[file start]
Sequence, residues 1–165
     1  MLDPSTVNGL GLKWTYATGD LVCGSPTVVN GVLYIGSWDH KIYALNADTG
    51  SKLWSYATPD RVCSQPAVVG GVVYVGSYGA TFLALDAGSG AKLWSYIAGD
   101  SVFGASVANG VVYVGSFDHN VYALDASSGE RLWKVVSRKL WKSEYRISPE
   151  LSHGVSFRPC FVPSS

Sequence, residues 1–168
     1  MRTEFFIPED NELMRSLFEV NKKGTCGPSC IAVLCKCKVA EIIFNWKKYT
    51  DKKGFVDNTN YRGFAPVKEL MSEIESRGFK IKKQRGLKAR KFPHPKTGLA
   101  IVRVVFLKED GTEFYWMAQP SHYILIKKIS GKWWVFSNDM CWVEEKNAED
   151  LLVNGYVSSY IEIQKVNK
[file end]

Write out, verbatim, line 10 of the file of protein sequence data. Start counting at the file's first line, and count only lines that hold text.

   151  LLVNGYVSSY IEIQKVNK